Brady has been blessed with a legendary coach in Bill Belichick. But Belichick is primarily a defensive mastermind, and for most of his career Brady has operated with the same freedom at the line of scrimmage as Peyton Manning. As for personnel, Brady got one great year from Randy Moss and five very good years and counting from Welker. But he's never played with an elite running back, and only in the last two years has he had athletic tight ends to work with. Bradshaw had Franco Harris, Lynn Swann, and John Stallworth for his Super Bowl wins; Montana had Jerry Rice and Roger Craig; Brady had Kevin Faulk, Corey Dillon, and Troy Brown.

What makes Brady the best qualitatively? He has the tactician's mind of Manning, the arm strength of Elway, and the winning mentality of Montana. Even this year, at 35 with more than a decade of NFL hits and a surgically repaired ACL, Brady is extremely tough to stop. Jam his receivers at the line? He'll call a double move down the field and launch a 60-yard bomb that falls perfectly over his receiver's shoulder. Keep your safeties back and protect against the deep pass? He'll check down to backs and tight ends and grind out a drive seven yards at a time.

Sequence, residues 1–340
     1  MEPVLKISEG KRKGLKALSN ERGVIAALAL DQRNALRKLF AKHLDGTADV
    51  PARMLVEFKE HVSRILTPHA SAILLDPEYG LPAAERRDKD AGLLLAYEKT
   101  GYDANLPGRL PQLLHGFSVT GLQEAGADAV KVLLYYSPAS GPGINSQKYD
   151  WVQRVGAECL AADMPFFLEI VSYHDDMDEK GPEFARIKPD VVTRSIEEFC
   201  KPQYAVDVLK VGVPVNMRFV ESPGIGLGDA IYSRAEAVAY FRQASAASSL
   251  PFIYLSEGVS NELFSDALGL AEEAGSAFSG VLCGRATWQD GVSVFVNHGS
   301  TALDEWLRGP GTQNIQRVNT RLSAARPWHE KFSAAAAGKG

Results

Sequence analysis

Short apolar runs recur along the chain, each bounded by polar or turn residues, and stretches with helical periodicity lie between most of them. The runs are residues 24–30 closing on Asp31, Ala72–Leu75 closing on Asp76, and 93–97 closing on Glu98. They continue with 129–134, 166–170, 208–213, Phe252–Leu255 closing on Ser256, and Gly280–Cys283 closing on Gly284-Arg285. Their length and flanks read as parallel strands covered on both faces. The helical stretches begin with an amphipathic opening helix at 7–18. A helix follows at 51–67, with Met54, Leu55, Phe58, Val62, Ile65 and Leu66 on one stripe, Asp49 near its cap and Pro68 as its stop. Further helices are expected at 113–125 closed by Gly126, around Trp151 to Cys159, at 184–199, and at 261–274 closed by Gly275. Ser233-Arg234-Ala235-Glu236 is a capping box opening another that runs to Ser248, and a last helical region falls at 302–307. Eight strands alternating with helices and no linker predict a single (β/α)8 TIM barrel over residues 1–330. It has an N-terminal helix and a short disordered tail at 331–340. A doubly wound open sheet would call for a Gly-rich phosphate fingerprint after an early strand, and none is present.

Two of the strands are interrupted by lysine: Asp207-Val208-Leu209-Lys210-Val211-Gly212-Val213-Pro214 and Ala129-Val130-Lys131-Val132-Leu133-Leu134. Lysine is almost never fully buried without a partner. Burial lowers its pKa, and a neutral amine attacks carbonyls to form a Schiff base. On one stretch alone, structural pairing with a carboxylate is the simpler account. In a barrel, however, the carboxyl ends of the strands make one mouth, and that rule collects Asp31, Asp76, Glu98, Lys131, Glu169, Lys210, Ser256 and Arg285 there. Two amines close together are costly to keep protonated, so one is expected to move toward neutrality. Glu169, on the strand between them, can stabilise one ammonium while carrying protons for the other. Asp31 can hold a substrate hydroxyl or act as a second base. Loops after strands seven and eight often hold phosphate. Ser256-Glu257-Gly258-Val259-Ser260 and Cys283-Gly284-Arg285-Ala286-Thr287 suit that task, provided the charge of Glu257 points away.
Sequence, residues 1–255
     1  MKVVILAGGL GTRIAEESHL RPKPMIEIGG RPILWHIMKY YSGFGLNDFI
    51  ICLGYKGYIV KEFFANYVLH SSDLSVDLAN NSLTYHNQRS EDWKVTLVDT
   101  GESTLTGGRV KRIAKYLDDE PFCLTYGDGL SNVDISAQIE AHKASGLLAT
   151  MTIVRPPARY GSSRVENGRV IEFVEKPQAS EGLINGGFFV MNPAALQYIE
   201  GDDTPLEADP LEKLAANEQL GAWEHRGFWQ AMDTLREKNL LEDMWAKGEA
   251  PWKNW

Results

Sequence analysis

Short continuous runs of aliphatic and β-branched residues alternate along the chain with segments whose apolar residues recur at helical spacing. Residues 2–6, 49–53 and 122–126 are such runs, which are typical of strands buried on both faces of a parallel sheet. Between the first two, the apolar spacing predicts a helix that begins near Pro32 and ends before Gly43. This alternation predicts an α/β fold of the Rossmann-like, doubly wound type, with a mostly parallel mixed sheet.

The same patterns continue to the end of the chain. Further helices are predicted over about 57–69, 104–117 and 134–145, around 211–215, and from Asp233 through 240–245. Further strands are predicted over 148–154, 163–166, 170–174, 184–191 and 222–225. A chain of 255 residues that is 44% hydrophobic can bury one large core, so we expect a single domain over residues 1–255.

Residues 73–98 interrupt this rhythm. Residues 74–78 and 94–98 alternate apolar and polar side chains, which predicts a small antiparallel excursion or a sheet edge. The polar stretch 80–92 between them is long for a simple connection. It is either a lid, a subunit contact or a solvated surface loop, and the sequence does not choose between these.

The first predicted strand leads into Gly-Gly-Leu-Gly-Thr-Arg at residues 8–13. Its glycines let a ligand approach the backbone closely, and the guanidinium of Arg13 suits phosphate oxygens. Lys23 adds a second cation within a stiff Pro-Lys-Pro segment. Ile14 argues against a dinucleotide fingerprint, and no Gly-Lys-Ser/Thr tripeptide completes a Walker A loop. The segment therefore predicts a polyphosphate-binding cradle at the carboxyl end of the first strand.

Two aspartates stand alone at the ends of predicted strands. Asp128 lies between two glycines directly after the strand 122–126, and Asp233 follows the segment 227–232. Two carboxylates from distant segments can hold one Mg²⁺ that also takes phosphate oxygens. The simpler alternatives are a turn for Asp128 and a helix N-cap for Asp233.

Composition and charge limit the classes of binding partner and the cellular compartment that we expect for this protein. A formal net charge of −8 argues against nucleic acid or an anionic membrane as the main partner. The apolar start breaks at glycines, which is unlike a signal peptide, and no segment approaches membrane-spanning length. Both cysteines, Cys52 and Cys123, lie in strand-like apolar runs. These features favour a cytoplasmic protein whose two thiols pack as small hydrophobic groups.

Brady's one weakness is his relative lack of mobility outside of the pocket compared to young stars like Russell Wilson and Robert Griffin III. That leaves him vulnerable to big hits by opposing linemen and linebackers, which over the course of a game forces him to get rid of the ball more quickly. The Giants worked this strategy to perfection in their two Super Bowl wins over the Pats, but Big Blue had elite pass-rushers in their prime (Justin Tuck and Osi Umenyiora in 2007, and those two along with Jason Pierre-Paul four years later). The San Francisco 49ers' top-flight defense may have what it takes to beat down on Brady if the two teams meet in the Super Bowl, but a defensive front seven has to play a flawless game to stop Brady when it counts.

Overall, Brady has won more postseason games than any other quarterback in NFL history, and his 17-6 record is remarkable given the quality of competition in the later rounds of the playoffs.